Employment Non-Discrimination Act Drawing Nationwide Attention - KTVN Channel 2 - Reno Tahoe Sparks News, Weather, Video

Employment Non-Discrimination Act Drawing Nationwide Attention

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Congress has been debating a bill that's drawing a lot of attention across the nation -- the Employment Non-Discrimination Act, or "ENDA".

It's gained support from lawmakers and other groups on both sides.

"I don't think people should discriminate," said Cyndi Bukowski of Reno. "Everybody has their own choice."

"My brother's gay, and I would wish him the same equal opportunity as anyone else if he's qualified for any job," said Tim Driscoll of Reno. "He should be able to apply and be considered equally."

But, not everyone's on board.

"It's going to lead to a whole host of litigations beyond anything we've seen," said Gary Marx, Executive Director with the Faith and Freedom Coalition, an organization out of Georgia. "The trial lawyers in this country couldn't be happier."

The measure would prohibit workplace discrimination against those who are gay, lesbian, bisexual or transgender with employers who have 15 or more workers. The bill cleared the first hurdle in the Senate on Monday night, receiving more than 60 votes with both senators Dean Heller and Harry Reid supporting it.

Nevada is a state that already protects the LGBT community in the workplace.

"Certainly, the movement at the federal level is reflecting what's happening at the state level," said Lauren Scott, Executive Director with Equality Nevada.

She's been lobbying for LGBT rights for years.

"As a transgender person, it's very important to me," she said. "We have struggled the last few years to get transgendered protection put on the bill, and there are a lot of people who are denied employment because of the fact they're lesbian, gay, bisexual or transgender. The transgender populations are one of the most under-employed or unemployed percentages. So, this bill would hopefully open the door to a lot of transgender people getting work who otherwise could not."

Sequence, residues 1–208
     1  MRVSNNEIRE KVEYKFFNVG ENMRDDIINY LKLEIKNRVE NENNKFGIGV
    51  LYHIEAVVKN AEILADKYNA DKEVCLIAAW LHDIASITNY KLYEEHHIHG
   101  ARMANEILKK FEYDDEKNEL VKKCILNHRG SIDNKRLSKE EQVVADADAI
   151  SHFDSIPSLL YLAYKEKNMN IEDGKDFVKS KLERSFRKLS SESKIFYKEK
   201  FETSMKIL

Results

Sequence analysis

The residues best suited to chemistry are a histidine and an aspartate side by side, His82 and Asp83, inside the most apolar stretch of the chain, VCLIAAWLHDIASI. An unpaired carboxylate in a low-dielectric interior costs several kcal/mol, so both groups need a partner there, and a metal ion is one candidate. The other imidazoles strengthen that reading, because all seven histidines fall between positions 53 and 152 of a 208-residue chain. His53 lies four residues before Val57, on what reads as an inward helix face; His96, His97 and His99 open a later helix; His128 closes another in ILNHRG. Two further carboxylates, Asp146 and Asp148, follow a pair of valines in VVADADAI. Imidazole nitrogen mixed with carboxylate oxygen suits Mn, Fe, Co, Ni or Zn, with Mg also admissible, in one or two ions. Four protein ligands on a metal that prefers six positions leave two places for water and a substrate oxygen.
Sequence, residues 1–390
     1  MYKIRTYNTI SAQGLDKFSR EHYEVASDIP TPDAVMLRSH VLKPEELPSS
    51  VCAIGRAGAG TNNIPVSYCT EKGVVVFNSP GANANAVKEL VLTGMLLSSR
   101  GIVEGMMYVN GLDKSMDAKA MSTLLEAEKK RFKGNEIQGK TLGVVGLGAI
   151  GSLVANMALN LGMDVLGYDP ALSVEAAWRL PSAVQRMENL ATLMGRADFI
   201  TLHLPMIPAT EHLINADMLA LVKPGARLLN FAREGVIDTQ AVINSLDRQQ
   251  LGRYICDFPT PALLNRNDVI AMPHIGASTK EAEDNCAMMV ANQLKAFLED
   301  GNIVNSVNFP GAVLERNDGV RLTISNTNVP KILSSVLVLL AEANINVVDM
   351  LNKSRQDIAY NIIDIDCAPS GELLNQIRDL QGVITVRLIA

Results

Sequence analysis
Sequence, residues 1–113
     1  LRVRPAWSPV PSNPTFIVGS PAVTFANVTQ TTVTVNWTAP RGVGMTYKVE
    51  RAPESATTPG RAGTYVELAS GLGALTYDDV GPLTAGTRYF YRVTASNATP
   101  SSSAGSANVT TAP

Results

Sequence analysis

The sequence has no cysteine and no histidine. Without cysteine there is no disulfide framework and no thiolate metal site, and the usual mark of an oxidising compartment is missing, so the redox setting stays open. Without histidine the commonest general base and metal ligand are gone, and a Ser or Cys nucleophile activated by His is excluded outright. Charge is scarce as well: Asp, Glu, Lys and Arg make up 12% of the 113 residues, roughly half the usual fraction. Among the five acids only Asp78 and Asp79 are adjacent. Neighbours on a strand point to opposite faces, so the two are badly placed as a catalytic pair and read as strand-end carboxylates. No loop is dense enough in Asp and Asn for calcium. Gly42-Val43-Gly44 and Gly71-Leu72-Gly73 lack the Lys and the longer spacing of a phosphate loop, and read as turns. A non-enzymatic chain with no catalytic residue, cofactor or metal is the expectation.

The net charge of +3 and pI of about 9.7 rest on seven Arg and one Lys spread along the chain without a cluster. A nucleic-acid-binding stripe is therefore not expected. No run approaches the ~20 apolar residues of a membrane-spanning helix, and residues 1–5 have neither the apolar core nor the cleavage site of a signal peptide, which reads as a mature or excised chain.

Many political analysts nationwide believe the bill will not make it through the Republican-controlled house.

"The biggest challenge in the house is to actually have the bill come to a vote," Scott said. "John Boehner has made it very clear he's not interested in bringing that bill to a vote."

Boehner has said the measure would bring frivolous lawsuits and cost Americans and small business jobs. That's something the Faith and Freedom Coalition agrees with, and believes the bill should not pass.

"Obviously, we oppose workplace discrimination is all forms," Marx said. "We believe in respecting an individual's essential dignity, but this bill criminalizes hiring and promotion based on subjective criteria of sexual orientation and gender identity. These are not external characteristics like race, and therefore, you put all of Americans who have small businesses, especially, in a position where they're going to face lawsuits like you've never seen."

Marx said the bill would be impossible to implement because of privacy concerns if employers asked workers about their sexual orientation.

"Those are often fluid standards that can't be known except for if you violate an employee's right to privacy by asking questions," Marx said. "It really puts employers in a terrible spot."

The Senate could have a final vote on the measure by the end of the week.

Written by Adam Varahachaikol

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